Exceptions will be made to the "going and coming" rule where the trip involves an incidental benefit to the employer, not common to commute trips by ordinary members of the work force. The fact that the employee receives personal benefits is not determinative when there is also a benefit to the employer.
Plaintiff injury victim was a Los Angeles police officer who was struck by a car driven by an employee of defendant employer. Intervenor City of Los Angeles paid for plaintiff's medical expenses and pension. Plaintiff filed suit against defendant under the theory of respondeat superior. The jury entered a verdict for defendant. The court of appeals reversed.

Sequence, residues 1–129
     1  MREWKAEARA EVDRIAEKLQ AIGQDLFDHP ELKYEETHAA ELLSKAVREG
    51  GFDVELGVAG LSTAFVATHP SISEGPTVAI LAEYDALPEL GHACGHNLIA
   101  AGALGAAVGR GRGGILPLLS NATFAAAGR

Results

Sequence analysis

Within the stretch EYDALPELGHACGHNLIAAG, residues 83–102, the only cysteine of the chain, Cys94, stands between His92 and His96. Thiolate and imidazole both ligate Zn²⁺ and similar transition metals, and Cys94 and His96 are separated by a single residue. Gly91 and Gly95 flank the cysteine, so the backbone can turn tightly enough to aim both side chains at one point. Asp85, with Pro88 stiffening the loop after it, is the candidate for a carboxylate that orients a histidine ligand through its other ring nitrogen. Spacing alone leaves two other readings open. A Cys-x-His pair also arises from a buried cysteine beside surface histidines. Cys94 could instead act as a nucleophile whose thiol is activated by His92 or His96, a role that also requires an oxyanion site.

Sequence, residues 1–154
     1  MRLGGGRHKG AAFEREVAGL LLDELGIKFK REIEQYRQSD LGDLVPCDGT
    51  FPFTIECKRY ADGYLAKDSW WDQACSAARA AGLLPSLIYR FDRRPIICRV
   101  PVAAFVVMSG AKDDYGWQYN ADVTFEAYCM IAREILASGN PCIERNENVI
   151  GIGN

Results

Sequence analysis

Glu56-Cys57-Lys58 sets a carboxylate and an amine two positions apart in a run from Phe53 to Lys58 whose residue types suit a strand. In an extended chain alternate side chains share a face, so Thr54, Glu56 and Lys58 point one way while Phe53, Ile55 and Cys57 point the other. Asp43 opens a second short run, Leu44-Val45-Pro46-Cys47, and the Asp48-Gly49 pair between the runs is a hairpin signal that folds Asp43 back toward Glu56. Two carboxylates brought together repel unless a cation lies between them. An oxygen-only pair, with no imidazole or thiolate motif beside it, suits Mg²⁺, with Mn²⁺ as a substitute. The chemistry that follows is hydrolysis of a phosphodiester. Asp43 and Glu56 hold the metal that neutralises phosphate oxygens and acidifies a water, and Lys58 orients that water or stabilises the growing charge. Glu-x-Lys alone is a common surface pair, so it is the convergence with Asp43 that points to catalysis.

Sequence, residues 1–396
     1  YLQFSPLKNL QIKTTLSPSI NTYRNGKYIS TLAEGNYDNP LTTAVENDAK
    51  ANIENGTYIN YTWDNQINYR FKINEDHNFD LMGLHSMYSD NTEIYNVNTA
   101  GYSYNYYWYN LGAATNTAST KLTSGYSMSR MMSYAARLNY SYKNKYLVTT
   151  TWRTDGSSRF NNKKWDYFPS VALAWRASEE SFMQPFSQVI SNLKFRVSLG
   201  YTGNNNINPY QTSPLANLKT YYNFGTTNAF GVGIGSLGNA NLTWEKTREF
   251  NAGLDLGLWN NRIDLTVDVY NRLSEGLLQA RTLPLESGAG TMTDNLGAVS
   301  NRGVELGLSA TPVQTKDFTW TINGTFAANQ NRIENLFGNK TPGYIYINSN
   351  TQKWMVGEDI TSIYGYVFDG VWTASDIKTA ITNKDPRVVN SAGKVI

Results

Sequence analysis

Is the doctrine of respondeat superior applicable to the case at bar?
At the time of the accident, the employee was returning home from a job site. The employee was paid his travel expenses, but defendant had no control over the method or route of transportation. Defendant was liable for the negligent acts of its employees conducted in the scope of defendant's enterprise. This extended to injuries which were beyond defendant's direct control but were the risks of the enterprise. The "coming and going" rule, which suspended liability, had exceptions. An exception applied here where the trip involved an incidental benefit to defendant. Defendant's benefit was reaching out into the labor market to attract employees, which increased the risk of injuries. The travel time was thus a part of the employment contract.